2. Contextualization

    3. Avoid Shortcutting the Hermeneutical Process

      1. Application without exegesis (Matthew 5:17-48)

      2. Exegesis without contextualization (See 2 Peter 1:20, cp. NIV & NKJV; also College Press Commentary)

        knowing this first, that no prophecy of Scripture is of any private interpretation (NKJV)

        Above all, you must understand that no prophecy of Scripture came about by the prophet’s own interpretation. (NIV)

        The NIV translation is quite interpretive here, since the original is somewhat ambiguous. The major part of the sentence may also be translated, “No prophecy of Scripture is a matter of one’s own interpretation” (NRSV). This translation would imply that Peter is objecting to the private (and incorrect) interpretation of prophecy practiced by the false teachers. However, this understanding does not suit well the preceding (19) and especially the following verse (21). The NIV interpretation seems best.

        The false teachers have rejected not only the teaching of Peter and the other apostles about the coming of Christ but also the teachings of the prophets about this event. Their judgment may have been that God never inspired such prophecies but that the prophets were wrongly interpreting their visions or whatever signs God may have given them. Therefore Peter asserts that all prophecy in Scripture originated with God, not with the prophet. That is to say that not only the visions or dreams came from God but so did the prophets’ understanding of them. This seems to be the point of the next verse. College Press

    4. Summary

2. Introduction to Hermeneutics (Part 2)

  1. Introduction to Hermeneutics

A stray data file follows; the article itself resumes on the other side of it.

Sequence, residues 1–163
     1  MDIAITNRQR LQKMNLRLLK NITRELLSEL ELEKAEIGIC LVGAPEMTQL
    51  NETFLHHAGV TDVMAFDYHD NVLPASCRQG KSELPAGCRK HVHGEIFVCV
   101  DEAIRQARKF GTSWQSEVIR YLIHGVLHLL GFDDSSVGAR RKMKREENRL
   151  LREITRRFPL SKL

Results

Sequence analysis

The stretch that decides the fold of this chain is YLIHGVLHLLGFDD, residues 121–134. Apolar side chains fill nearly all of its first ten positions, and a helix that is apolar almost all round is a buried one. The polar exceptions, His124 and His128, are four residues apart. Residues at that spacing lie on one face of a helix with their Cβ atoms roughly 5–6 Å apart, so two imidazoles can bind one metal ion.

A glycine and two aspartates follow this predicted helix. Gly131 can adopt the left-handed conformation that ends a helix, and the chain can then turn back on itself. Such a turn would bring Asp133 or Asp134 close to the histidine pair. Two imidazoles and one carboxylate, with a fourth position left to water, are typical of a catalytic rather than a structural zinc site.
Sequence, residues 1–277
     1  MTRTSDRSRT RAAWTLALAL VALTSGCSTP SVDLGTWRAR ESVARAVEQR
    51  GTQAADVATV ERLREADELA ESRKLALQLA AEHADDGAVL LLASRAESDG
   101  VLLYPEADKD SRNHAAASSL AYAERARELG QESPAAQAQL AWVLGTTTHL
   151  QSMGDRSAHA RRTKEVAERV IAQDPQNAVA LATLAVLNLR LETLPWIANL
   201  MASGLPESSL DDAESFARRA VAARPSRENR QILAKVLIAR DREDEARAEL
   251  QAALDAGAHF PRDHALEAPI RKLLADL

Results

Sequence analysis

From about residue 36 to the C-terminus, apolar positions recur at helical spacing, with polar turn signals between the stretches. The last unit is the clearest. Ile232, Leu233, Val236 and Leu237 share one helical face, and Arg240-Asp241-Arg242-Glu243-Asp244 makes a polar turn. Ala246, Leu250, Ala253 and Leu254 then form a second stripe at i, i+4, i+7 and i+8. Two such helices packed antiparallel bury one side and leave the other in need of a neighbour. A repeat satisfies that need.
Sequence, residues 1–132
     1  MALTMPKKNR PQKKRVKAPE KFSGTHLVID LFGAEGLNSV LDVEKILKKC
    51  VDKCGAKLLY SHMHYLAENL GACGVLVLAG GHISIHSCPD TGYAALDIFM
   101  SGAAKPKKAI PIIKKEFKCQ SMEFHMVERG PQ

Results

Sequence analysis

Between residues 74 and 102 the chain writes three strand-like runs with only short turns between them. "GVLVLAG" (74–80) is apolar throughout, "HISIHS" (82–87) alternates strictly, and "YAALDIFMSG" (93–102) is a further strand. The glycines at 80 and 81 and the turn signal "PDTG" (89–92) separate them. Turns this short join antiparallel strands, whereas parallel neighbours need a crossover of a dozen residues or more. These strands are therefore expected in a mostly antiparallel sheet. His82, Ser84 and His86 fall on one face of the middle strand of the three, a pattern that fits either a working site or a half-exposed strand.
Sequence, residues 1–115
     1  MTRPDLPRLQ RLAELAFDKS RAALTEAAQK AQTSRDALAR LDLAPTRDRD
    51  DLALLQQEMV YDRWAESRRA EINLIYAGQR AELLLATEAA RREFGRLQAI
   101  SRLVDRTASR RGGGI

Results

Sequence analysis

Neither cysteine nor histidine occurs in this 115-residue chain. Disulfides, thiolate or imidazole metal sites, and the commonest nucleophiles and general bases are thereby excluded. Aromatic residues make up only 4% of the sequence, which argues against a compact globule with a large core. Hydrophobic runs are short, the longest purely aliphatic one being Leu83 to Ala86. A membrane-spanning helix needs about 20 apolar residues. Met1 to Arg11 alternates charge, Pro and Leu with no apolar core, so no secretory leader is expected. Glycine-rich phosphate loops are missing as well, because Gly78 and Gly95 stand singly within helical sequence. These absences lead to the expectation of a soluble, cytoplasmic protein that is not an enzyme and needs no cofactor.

1. Hermeneutics is the science and art of biblical interpretation

      Textual Criticism has for its special object ascertaining of the exact words of the original texts of the sacred books. Its method of procedure is to collate and compare ancient manuscripts, ancient versions, and ancient scripture quotations, and, by careful and discriminating judgment, sift conflicting testimony, weigh the evidences of all kinds, and thus endeavour to determine the true reading of every doubtful text. This science is often called the Lower Criticism. Where such criticism ends, Hermeneutics properly begins, and aims to establish the principles, methods, and rules which are needful to unfold the sense of what is written. Its object is to elucidate [to make clear; explain; remove obscurity from and render intelligible] whatever may be obscure or ill-defined, so that every reader may be able, by an intelligent process, to obtain the exact ideas intended by the author. Exegesis is the application of these principles and laws, the actual bringing out into formal statement, and by other terms, the meaning of the author s words. Exegesis is related to hermeneutics as preaching is to homiletics, or, in general, as practice is to theory. Exposition is another word often used synonymously with exegesis, and has essentially the same signification ; and yet, perhaps, in common usage, exposition denotes a more extended development and illustration of the sense, dealing more largely with other scriptures by comparison and contrast.